Friday, 13 March 2009

55 Days at Sea: Part 3

Having trawled through the long list of the 1/3000th ships available from Navwar, I was pleased to find that the vast majority of vessels that I required were available, although coverage of the smaller torpedo boat destroyer types was a bit patchy; have to have a think about 'lookalike' ones for these - the Italian Esplatore Despatch Vessel N4711 will make a good stand in for the U.S. paddle steamer Monocacy, I think.

On arrival, I was pleasantly surprised to find that a helpful insert is enclosed with the basic statistics of each vessel, a godsend for a newbie like me!

One small note of caution, in the Navwar catalogue, often two types are listed together, for instance from Russia: "N7111/12 Sissoi Veliki & Navarin 1Ea 1894/91 £1.60", this does not mean that the vessels come separately, i.e N7112 Navarin at £1.60, but rather that this was a twin pack (yes, you guessed it, I misread this and have a few doubles!), with both included at £1.60.

The castings to my eye are good, there is a mould line visible along the centre-line of most ships, but this can either be removed along with any flash present, or even at this scale, left and painted in as cables etc, perhaps. The detail on model to model is variable, with some being rather plain, and in the main, they lack masts and fighting tops, (Although I understand that mostly masts were struck before engaging, anyway...) with just bridges and funnels being obvious. 
Below we have HMS Powerful, the longest ship I have come across so far, measuring around 54mm. This will probably govern the base sizes, with I think 60x30mm for larger vessels, and 50x30mm for the smaller.

Here we see the Russian Sissoi Veliki and the Navarin, at around 36mm each, I think the designer/sculptor has done a good job in suggesting the character of the ships, even if sometimes the detail is lacking.

Finally we have HMS Endymion, with quite a bit of flash to the base, and some enormous-looking funnels!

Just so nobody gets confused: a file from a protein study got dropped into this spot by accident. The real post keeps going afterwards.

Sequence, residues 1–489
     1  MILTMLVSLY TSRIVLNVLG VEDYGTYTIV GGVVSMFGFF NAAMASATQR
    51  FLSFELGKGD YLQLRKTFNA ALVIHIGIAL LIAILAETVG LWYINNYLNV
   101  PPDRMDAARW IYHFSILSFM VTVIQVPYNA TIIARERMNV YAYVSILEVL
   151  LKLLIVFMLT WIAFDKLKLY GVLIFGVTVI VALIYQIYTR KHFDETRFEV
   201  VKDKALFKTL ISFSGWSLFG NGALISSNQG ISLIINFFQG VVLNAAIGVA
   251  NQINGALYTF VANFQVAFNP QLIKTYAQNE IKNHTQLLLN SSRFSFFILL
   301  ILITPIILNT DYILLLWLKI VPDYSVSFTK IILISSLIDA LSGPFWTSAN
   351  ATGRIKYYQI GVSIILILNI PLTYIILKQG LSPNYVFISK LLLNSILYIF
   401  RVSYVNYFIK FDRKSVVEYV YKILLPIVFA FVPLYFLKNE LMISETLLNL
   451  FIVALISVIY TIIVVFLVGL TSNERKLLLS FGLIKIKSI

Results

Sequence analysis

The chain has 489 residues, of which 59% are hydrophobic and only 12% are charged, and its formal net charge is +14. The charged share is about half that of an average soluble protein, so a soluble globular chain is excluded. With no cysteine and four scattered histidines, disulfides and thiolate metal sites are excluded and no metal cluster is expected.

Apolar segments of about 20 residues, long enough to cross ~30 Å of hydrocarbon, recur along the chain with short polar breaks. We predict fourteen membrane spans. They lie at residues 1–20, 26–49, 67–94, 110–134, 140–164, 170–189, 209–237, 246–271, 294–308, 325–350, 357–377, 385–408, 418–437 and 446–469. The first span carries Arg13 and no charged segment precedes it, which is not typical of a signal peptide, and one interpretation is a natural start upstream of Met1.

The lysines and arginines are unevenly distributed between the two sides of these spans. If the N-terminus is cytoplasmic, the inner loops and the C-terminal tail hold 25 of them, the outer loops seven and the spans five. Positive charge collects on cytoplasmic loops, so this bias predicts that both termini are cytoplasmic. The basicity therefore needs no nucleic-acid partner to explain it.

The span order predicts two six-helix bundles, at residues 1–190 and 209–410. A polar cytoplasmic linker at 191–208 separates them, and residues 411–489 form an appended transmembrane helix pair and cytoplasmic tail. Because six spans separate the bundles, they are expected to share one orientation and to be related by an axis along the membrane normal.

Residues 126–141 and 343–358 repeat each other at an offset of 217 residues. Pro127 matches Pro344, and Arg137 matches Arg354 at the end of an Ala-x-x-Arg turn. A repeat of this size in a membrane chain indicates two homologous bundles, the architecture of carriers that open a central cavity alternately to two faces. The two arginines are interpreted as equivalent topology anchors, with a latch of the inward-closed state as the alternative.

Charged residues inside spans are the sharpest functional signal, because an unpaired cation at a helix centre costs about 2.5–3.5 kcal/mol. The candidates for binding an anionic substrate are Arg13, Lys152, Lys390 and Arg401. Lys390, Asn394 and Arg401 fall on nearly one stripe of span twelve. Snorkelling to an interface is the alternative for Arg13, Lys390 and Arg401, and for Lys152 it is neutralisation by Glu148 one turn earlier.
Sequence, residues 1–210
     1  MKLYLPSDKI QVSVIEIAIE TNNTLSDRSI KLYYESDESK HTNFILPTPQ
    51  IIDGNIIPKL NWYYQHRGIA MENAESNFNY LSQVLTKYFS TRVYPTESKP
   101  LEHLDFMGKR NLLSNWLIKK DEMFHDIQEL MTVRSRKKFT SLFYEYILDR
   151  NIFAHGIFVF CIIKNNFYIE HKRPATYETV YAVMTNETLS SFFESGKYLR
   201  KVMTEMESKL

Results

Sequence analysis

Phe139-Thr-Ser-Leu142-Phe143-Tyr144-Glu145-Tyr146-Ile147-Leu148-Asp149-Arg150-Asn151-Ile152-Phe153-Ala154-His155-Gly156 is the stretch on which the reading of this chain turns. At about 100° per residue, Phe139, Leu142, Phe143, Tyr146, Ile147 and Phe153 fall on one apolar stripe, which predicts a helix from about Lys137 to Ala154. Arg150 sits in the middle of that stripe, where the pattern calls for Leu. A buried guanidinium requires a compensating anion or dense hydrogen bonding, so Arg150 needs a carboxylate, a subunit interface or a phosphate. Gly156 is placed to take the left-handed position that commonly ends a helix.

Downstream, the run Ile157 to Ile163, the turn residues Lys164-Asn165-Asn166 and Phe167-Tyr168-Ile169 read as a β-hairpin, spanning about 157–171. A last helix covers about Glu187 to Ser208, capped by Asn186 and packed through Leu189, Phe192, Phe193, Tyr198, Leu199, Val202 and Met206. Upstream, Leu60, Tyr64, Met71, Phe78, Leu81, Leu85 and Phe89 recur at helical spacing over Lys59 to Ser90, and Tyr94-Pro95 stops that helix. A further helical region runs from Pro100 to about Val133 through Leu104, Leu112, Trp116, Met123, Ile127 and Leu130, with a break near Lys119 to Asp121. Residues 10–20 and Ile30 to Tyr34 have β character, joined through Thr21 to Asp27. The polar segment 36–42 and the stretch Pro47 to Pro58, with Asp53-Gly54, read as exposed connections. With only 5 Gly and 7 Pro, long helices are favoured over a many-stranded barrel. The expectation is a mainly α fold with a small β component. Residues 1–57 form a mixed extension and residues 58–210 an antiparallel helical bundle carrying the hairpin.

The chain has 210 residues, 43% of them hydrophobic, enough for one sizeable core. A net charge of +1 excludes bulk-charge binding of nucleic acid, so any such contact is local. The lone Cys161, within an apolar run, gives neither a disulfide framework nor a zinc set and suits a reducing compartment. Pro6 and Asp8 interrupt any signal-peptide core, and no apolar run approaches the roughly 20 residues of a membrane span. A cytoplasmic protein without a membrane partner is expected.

I've been looking for references to the various navies online, and have come across some really useful sites as below:

Photos, Histories and Statistics:

Colour Schemes for the various navies:

both have some excellent info, and should get me started on the right track. I was also lucky enough to find a re-print copy of Janes All the World's Navies 1897 for sale, so should also have some contemporary input once that gets delivered!

Overall, I'm pretty pleased with the offerings from Navwar, although I have also come across another manufacturer of vessels from this period, whose models look very fine, but I'm afraid with the weakness of the Pound versus the Dollar at the moment, I'll have to pass. This company also offer a site with loads of good info, including rules and tips - well worth a look:

So, should be an interesting project: watch this space!


  1. The navwar ships are great. Excellent detail and good variety to boot. All of my WWI Italians and Austrians are navwar along with my WWII Italians and British. Do you see a theme here? :-)

  2. Hi Victor, thanks for your comment, it's good to get support so early on in the life of the blog; couldn't agree more about the Navwar ships, I'd used their Microarmour for years, so I was expecting a lot from the naval stuff: haven't been disappointed, painting them is going well, so look out for more posts on this subject soon...

  3. If you can find it in your local library (or through an inter-library loan), Conway's "All the World's Fighting Ships 1860-1905" is a great resource . . . but not easy to pick one up inexpensively.

    Also the WTJ website has a nice section on paint schemes for the various navies. Go to their "Game Shop 1" and scroll down the right hand portion to the "WTJ Naval & Wargaming" Heading . . . and under that click on "Painting Guide" and scoll down:

    Lots of good information there.

    -- Jeff

  4. Thanks again Jeff, I've been lucky in getting the 1898 Jane's reprint, but obviously the technical info there is a bit sparse, I guess it was mostly under the cover of 'state secrets' at the time, given that it was current!

    I'm particularly keen to get some idea of where all the various guns were positioned on ships, as this might be a factor in any future ruleset modifications I might make, so I'll have to look out for the Conways.

    Thanks for the tip about the WTJ guide, although I think it is more relevant to the later Russo-Japanese War - You wouldn't be trying to tempt me into expanding in a whole new direction would you? :-).

    Now where did I leave that Navwar catalogue......